Fran Gosling Culture Editor The 2009 release of Guy Ritchie’s adaptation of Sherlock Holmes finally brought much deserved attention back to Sir Arthur Conan Doyle’s most famous creation and the world’s most loved fictional detective. Robert Downey Jr. gave a passably apt performance, portraying Holmes as a seemingly comical and often playful character but still with that slight undertone of a mysterious past beneath the banter. Impossibly intelligent but useless in social situations. The second movie, Sherlock Holmes: A Game of Shadows, which brings together the stories involving Holmes’ arch nemesis, Moriarty, was then released late last year and, following the success of its predecessor, has already been hugely popular and positively reviewed. Yet, while the film itself was set in its original world of late Victorian London, the growing Sherlock Holmes fan-base has brought Doyle’s stories into all sorts of contemporary niches. In Spring 2010, D&G launched their own “Sherlock Holmes Chic” collection, taking inspiration from the internationally recognisable deerstalker and Inverness cape to introduce a new type of classic, suave edge to Milan fashion. Then, in the summer of the same year, BBC One’s first television drama series of Sherlock graced our screens and accrued an impressive 8 million strong audience across the country. Created by Steven Moffat and Mark Gattis it is, perhaps, unsurprising that we saw something of the 21st century Doctor Who character in Benedict Cumberbatch’s performance as the detective. Uninhibited by the Hollywood requirement for an aesthetically pleasing and ultimately loveable protagonist, the BBC drama series allowed for the more raw and cynical (aka British) character, much more reminiscent of Doyle’s original hero. Whether that makes him more or less engaging remains in the eye of the beholder. The much anticipated second series recently concluded after re-adapting possibly three of Doyle’s most well known Sherlock stories: “A Scandal in Bohemia” “The Hound of the Baskervilles” and “The Final Problem”. Yet unlike its original equivalent, the last episode (renamed “The Reichenbach Fall”) did not conclude with the death of Doyle’s hero, leaving the story board open for future series’; plans for which, Moffat has revealed, are already in the pipeline. Naturally. But how is it that those 19th century magazine stories have made such a phenomenal resurgence into the hearts and minds of today’s entertainment industry? As with most trends and promotions in our contemporary world, social media has proved itself, once again, to be the ultimate oracle.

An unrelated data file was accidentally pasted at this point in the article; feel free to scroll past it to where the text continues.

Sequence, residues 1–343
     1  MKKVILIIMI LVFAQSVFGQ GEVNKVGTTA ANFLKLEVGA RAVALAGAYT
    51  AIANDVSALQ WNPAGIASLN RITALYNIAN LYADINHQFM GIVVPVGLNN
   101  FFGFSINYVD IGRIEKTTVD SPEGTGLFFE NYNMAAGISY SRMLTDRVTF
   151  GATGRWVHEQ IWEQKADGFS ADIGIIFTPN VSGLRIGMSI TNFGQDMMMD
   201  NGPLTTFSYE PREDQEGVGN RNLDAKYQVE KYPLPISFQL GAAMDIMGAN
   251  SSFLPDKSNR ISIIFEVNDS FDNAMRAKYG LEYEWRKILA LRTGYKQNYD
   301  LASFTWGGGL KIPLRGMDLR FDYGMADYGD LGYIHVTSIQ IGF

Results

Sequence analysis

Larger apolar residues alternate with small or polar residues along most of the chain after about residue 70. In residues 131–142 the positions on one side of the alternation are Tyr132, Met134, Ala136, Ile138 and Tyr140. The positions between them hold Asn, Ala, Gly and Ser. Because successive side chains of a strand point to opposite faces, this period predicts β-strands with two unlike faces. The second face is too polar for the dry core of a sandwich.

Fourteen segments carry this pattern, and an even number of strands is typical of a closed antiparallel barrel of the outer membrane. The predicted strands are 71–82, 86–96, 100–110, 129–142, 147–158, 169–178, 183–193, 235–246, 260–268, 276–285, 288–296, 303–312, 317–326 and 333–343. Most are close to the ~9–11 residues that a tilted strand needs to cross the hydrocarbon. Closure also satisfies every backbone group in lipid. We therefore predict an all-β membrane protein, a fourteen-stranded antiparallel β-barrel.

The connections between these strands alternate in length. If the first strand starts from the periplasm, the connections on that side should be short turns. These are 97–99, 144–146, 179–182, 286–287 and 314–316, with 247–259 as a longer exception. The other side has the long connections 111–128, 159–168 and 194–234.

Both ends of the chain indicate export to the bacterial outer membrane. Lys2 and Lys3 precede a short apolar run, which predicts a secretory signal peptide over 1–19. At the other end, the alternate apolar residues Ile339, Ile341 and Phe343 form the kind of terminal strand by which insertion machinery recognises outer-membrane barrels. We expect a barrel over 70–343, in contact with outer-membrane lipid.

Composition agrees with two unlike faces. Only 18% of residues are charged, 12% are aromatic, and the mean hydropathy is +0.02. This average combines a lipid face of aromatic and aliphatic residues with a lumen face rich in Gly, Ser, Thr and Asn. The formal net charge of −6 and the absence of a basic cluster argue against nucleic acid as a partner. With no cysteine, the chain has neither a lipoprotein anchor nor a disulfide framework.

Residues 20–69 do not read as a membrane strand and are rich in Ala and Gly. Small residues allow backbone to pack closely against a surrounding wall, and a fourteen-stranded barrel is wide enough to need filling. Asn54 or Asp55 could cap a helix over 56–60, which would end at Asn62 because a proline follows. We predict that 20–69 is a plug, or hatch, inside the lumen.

Transport for London...and you!